• S-linked (GlcNAc) cysteine
  • S-linked (GlcNAc…) cysteine
  • S-linked (Hex) cysteine
  • S-linked (Hex…) cysteine
  • S-linked (HexNAc) cysteine
  • S-linked (HexNAc…) cysteine

New terms for the feature key ‘Modified residue’ (‘MOD_RES’ in the flat file):

  • Cysteine sulfonic acid (-SO3H)

Changes to the controlled vocabulary of human diseases

New diseases:

Modified diseases:

Deleted diseases

  • Cardiomyopathy, dilated 1T
  • Sarcoidosis early-onset

UniRef news

Addition of GO annotation to UniRef90 and UniRef50 clusters

We have started to compute Gene Ontology (GO) annotations for UniRef90 and UniRef50 clusters: A GO term is assigned to a cluster when it is found in all UniProtKB members that are annotated with this term, or when it is a common ancestor of at least one GO term of each such member.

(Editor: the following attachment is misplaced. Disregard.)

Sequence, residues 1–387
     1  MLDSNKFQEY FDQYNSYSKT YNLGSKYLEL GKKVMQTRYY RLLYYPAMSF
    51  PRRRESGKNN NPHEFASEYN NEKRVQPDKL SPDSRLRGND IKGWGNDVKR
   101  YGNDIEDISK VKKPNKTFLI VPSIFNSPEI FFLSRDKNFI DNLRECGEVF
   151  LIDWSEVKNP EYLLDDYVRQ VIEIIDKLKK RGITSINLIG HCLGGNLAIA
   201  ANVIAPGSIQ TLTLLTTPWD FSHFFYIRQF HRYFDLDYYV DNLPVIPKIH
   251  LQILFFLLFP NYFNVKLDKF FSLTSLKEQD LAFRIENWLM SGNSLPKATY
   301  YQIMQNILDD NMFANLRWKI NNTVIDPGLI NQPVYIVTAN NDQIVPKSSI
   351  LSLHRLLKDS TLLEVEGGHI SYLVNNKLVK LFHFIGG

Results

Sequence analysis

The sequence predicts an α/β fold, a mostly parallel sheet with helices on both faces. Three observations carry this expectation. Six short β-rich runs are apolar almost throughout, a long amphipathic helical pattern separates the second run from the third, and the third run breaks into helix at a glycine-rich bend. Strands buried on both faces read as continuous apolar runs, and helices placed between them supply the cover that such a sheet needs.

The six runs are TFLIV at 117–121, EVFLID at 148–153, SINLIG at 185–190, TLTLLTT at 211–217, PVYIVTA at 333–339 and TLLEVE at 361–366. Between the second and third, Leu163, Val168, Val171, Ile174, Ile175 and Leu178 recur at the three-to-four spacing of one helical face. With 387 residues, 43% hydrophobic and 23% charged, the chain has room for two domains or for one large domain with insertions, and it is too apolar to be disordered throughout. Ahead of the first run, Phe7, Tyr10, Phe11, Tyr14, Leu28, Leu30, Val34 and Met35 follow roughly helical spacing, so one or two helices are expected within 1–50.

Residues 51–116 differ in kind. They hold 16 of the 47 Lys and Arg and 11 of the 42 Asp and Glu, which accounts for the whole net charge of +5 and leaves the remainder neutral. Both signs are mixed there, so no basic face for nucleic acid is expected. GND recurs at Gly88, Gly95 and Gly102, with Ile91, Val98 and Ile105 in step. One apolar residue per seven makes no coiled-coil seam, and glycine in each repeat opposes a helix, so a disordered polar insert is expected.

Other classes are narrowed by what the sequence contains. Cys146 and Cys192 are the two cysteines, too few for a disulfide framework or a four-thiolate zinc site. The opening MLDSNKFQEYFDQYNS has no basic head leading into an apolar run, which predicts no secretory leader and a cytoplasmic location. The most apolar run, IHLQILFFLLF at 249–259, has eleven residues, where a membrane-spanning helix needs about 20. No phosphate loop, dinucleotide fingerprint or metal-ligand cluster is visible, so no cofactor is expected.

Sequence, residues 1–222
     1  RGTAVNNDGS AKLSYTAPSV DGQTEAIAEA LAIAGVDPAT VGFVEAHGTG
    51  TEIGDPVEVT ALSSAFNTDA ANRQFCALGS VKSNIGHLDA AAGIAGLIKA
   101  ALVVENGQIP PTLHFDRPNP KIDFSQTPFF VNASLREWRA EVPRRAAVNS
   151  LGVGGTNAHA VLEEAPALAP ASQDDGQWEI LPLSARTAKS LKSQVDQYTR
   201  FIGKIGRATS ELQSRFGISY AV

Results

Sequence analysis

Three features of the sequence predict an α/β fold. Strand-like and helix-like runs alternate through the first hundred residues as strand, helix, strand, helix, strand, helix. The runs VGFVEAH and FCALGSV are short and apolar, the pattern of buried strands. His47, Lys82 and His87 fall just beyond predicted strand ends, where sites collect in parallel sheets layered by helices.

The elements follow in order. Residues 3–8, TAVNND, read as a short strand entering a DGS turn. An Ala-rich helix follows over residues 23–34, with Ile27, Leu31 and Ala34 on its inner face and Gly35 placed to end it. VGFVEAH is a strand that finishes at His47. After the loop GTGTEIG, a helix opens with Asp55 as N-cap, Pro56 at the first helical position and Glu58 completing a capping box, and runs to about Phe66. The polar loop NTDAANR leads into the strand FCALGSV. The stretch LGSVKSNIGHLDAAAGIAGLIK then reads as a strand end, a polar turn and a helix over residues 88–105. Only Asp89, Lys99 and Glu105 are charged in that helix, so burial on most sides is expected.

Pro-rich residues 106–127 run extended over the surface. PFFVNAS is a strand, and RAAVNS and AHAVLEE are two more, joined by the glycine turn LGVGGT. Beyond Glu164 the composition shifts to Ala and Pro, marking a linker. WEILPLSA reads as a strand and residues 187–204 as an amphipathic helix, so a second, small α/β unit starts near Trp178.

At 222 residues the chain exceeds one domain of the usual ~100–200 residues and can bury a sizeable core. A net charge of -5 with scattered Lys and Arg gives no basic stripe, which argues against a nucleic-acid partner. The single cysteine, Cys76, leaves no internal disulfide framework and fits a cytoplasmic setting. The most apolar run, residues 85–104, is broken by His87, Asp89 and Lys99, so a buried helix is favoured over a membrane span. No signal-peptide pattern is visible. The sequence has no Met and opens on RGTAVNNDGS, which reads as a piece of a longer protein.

The UniRef XML format now represents the GO annotations with property elements. We have introduced three new types: "GO Molecular Function", "GO Biological Process", "GO Cellular Component". The values of these property elements are GO identifiers.

Example:

<entry id="UniRef50_B0KJL7" updated="2017-03-15" 
  <name>Cluster: Animal haem peroxidase</name>
  ...
  <property type="GO Molecular Function" value="GO:0004601"/>
  <property type="GO Biological Process" value="GO:0006979"/>
  ...

This change does not affect the XSD, but may nevertheless require code changes.